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AMP v. Myriad Discussion Slides

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This slide set was presented to the Introduction to Biotechnology class at UNCC--Go 49er's!

This slide set was presented to the Introduction to Biotechnology class at UNCC--Go 49er's!

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  • 1. AMP v. Myriad As an introduction to Patent Law Smith, Parsons & Summa www.smithparsons.com © Philip Summa 2014
  • 2. Introduction to Biotech Dr. Todd Steck February 19, 2014
  • 3. Amp v. Myriad is a case decided by the US Supreme Court in June 2013. Because the subject matter is human genetics and because the decision arguably differs from long-standing aspects of US patent law, the case provides a worthwhile introduction to Patent Law and related legal issues.
  • 4. http://kintalk.org/genetics-101/ (Accessed February 12, 2014)
  • 5. Mutations in the BRCA1 and BRCA2 genes have been discovered to dramatically increase an individual’s risk of developing breast and ovarian cancers.
  • 6. Myriad found the exact location of the BRCA1 and BRCA2 genes, which allowed Myriad to determine their typical nucleotide sequence which enabled Myriad to better assess whether a patient has the mutation.
  • 7. Myriad obtained a number of patents after this discovery . . . including a claim for the list of amino acids that the typical BRCA1 gene encodes. “1. An isolated DNA coding for a BRCA1 polypeptide, said polypeptide having the amino acid sequence set forth in SEQ ID NO:2.”
  • 8. US Patent No. 5747282
  • 9. The second claim recites the sequence of cDNA that codes for the BRCA1 amino acids listed in claim 1. “2. The isolated DNA of claim 1, wherein said DNA has the nucleotide sequence set forth in SEQ ID NO:1.”
  • 10. Myriad’s patents would give it the exclusive right to isolate an individual’s BRCA1 and BRCA2 genes and synthetically create BRCA cDNA and exclude others from being able to make it.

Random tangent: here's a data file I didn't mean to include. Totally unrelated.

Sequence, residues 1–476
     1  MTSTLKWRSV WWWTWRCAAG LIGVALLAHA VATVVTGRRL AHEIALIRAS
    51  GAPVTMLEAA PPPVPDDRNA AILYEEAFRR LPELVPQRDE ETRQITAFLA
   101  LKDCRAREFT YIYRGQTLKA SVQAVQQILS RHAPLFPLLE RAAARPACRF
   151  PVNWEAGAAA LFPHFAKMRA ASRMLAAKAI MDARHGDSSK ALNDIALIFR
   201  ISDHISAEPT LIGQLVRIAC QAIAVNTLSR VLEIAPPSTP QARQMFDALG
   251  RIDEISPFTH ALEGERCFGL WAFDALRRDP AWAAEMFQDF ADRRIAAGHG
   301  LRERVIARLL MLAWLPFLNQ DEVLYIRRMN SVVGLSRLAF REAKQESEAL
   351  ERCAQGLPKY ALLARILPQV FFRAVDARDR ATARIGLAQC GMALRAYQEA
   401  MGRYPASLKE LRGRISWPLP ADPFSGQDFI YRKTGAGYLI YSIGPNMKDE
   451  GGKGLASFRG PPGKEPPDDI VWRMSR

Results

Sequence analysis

• 11. Others began providing genetic testing based upon the Myriad discoveries, so Myriad filed patent infringement suits against other entities that performed BRCA testing, resulting in settlements in which the defendants agreed to cease all allegedly infringing activity and Myriad solidified its position as the only entity providing BRCA testing. Ostrer and others filed a lawsuit declaring that Myriad’s patents were invalid because they covered products of nature.
  • 12. There are four (4) categories of patentable subject matter (§ 35 USC 101): Processes Machines Manufactures Compositions of Matter “Whoever invents or discovers any new and useful process, machine, manufacture, or composition of matter, or any new and useful improvement thereof, may obtain a patent therefor, subject to the conditions and requirements of this title.” 35 U.S.C. 101
  • 13. There are three (3) exceptions (Case Law Precedent): Laws of Nature Physical Phenomena Abstract Ideas
  • 14. There are three (3) further requirements for patentability: Novelty (§ 102) Nonobviousness (§ 103) A full and particular description (§ 112)
  • 15. Novelty means “brand new.” Most typically, it means that the words of the claim recite something that, in total, cannot be found in any other single item. In the sciences, the relevant items are usually prior patents, published patent applications, and journal articles. Novelty is an objective standard. 35 U.S.C. Section 102
  • 16. Obviousness is a subjective standard based upon the knowledge of a hypothetical “person of ordinary skill in the art.” 35 U.S.C. Section 103
  • 17. Obvious? © Gary Larson, The Far Side